POLK COUNTY, Fla. (WFLA) — The Florida Department of Children and Families (DCF) was aware of a Polk County girl’s consistent weight loss two years before she died of long-term starvation, according to the Polk County Sheriff’s Office.

The sheriff’s office says DCF launched a medical neglect investigation in December 2019 that revealed the toddler was “consistently losing weight” and her parents were “not following-up with doctor appointments.”

The case was closed, after an undisclosed amount of time, after the parents complied with DCF and Children Home Society instructions and showed several positive weight checks, according to the sheriff’s office.

The girl died this week in Davenport, at nearly 3 years old, while weighing 9.5 pounds, the sheriff said.

“This investigation is underway. We don’t know what we don’t know about the DCF investigation at this time,” said Sheriff Grady Judd at a press conference Thursday. “I stop short of throwing stones at this point in the investigation at DCF because DCF is called to hundreds of events every day.”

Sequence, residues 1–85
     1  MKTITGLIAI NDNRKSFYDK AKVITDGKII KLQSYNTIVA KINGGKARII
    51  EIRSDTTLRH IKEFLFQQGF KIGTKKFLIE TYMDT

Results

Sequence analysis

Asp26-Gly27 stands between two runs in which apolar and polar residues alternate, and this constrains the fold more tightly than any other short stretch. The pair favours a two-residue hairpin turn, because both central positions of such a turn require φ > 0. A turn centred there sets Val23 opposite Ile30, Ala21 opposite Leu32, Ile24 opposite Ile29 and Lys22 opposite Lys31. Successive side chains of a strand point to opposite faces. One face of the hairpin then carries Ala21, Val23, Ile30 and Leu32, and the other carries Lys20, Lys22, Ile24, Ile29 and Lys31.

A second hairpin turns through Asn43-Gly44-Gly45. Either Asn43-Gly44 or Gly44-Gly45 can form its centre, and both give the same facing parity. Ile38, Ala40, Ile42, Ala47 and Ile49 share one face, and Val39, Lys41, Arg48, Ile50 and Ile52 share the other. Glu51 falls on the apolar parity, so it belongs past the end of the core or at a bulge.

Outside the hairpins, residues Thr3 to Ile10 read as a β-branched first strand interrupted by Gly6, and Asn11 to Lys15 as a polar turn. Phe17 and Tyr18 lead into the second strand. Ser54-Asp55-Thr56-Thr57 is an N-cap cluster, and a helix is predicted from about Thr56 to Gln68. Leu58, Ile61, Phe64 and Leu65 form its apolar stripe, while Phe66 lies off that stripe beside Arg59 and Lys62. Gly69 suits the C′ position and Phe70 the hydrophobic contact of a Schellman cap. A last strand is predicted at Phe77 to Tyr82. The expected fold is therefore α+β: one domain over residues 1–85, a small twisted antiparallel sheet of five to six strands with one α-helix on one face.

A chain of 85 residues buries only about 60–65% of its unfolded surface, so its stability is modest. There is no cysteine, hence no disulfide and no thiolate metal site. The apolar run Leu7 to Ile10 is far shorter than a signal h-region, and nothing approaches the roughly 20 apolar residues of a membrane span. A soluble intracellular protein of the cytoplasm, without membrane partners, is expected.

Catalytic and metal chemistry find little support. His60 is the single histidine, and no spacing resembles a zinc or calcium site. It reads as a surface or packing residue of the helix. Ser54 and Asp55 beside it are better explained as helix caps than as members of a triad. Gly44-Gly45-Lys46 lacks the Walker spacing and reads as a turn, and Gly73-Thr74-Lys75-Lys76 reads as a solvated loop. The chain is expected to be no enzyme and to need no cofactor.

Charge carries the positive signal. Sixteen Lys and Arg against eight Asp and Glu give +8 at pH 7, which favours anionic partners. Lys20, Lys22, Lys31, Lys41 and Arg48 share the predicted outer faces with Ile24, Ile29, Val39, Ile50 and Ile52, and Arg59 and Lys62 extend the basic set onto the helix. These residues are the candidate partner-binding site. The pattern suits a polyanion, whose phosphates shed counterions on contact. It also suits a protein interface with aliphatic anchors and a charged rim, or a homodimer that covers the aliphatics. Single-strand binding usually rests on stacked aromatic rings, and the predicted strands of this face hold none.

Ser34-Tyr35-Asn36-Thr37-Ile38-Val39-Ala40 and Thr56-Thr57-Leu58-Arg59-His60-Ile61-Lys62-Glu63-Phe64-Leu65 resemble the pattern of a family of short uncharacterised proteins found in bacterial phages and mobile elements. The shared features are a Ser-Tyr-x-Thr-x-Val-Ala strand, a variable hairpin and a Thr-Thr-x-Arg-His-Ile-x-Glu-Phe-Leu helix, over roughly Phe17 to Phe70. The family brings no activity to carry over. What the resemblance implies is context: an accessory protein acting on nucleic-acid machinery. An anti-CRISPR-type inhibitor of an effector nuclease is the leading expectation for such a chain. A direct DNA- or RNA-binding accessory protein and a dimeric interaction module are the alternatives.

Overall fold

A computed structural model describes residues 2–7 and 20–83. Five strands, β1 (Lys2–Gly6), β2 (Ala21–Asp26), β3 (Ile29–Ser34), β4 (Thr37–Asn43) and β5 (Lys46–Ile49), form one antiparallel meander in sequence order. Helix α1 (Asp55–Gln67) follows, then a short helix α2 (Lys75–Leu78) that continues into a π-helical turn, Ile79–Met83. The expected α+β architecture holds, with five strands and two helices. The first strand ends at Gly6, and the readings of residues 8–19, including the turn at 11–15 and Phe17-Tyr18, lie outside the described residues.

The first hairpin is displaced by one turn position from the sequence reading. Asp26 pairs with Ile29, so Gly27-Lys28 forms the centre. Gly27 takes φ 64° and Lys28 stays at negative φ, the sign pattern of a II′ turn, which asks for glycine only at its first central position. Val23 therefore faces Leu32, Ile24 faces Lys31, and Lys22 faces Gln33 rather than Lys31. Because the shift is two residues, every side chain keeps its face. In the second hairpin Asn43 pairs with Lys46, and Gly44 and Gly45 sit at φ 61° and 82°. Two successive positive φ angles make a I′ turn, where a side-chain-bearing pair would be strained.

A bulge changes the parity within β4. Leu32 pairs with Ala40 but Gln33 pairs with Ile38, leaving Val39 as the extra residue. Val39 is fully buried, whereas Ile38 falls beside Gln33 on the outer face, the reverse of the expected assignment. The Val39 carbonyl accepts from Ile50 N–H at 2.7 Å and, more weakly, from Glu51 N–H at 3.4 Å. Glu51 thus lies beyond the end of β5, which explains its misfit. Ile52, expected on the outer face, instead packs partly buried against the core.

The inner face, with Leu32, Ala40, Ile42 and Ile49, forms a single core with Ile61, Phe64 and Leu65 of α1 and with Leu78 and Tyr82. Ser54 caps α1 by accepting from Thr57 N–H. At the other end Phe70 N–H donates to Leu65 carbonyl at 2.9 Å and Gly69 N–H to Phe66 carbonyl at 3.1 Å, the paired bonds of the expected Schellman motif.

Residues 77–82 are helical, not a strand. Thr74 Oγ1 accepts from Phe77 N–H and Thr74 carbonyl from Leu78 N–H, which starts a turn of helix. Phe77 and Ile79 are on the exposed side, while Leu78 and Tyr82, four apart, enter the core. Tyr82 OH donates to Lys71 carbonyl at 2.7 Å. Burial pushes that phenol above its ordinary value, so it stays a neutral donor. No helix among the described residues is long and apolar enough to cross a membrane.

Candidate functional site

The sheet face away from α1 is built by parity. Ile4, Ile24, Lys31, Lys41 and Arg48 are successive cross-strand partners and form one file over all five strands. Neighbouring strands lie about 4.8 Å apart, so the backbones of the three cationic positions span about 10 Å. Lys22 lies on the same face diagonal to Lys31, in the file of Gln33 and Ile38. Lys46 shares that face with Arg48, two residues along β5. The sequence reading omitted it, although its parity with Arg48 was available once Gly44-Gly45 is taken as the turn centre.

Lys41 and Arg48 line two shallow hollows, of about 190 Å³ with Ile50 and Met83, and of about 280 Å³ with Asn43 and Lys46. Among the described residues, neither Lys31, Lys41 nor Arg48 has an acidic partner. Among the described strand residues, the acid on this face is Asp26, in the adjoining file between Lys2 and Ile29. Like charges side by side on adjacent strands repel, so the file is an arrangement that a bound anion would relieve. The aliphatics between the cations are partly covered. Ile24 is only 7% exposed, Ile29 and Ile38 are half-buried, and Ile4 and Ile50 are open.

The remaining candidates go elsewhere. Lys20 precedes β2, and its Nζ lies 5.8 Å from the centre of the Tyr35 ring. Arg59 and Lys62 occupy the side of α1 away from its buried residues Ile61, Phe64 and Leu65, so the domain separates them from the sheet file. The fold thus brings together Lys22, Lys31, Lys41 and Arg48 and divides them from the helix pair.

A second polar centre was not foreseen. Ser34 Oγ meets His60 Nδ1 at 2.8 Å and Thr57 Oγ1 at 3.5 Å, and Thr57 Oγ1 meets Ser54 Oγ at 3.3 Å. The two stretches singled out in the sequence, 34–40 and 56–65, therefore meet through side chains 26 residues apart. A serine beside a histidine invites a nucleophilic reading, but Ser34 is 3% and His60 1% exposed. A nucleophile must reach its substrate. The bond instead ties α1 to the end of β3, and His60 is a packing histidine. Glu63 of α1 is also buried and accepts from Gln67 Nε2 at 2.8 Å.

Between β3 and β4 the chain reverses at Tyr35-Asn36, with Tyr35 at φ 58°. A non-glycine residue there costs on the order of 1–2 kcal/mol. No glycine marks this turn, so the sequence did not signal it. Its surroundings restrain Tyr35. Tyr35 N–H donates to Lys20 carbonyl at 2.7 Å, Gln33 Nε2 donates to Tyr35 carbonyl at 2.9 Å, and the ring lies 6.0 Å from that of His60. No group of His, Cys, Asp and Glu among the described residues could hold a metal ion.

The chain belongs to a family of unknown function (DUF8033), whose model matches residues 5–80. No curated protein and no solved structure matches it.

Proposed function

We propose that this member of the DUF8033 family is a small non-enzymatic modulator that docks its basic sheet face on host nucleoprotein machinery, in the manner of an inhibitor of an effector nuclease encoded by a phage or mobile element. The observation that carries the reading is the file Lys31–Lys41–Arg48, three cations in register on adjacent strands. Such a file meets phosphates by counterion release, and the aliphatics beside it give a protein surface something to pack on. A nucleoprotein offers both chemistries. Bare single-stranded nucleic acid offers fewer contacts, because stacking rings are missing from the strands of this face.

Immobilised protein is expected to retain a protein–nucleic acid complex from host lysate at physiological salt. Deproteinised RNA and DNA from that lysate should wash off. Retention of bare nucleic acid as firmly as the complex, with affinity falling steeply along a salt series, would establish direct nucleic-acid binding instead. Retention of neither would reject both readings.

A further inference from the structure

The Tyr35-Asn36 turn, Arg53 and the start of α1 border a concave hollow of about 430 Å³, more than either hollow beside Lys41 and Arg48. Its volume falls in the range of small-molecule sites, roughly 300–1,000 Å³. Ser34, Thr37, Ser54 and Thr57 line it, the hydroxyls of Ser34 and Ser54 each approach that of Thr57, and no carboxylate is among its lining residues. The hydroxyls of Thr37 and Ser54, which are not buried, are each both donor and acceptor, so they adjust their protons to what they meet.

News Channel 8 has asked for an interview on this case from DCF, including why and when the initial case was closed.

DCF has not provided that information.

Arhonda Tillman (Left) and Regis Johnson (Right) (Credit: Polk County Sheriff’s Office)

The girl’s parents, Regis Johnson and Arhonda Tillman, were arrested on negligent child abuse with great bodily harm charges. More charges are possible.

A judge ordered them both held on $500,000 each.

Johnson’s brother, Frank Robinson, was arrested Thursday on child abuse and failure to report charges.

A judge ordered him held on $500,000 bond on the child abuse charge and $100,000 on the failure to report charge.

According to an arrest affidavit, the girl had not seen a doctor since January 2020.

“This case is an example of why a strong child welfare system with a stable workforce, adequate resources, services and supports is so important,” wrote Teri Saunders, CEO of Heartland for Children, the lead agency for Community Based Care in Polk, Hardee and Highlands counties, in a statement. “There are still a lot of questions that need to be answered to understand the full picture. We understand that law enforcement and DCF are conducting their own investigations.”

Attorney and former prosecutor Joshua Sheridan said the case showcases the limitations of the child protection system.

“The government oftentimes is too understaffed, too underpaid, too underfunded to be able to adequately address all of it,” said Sheridan, of Busciglio, Sheridan and Schoeb, P.A. “They have a certain amount of jurisdiction but it’s finite, it’s not endless. They can’t just keep people under their thumb in perpetuity.”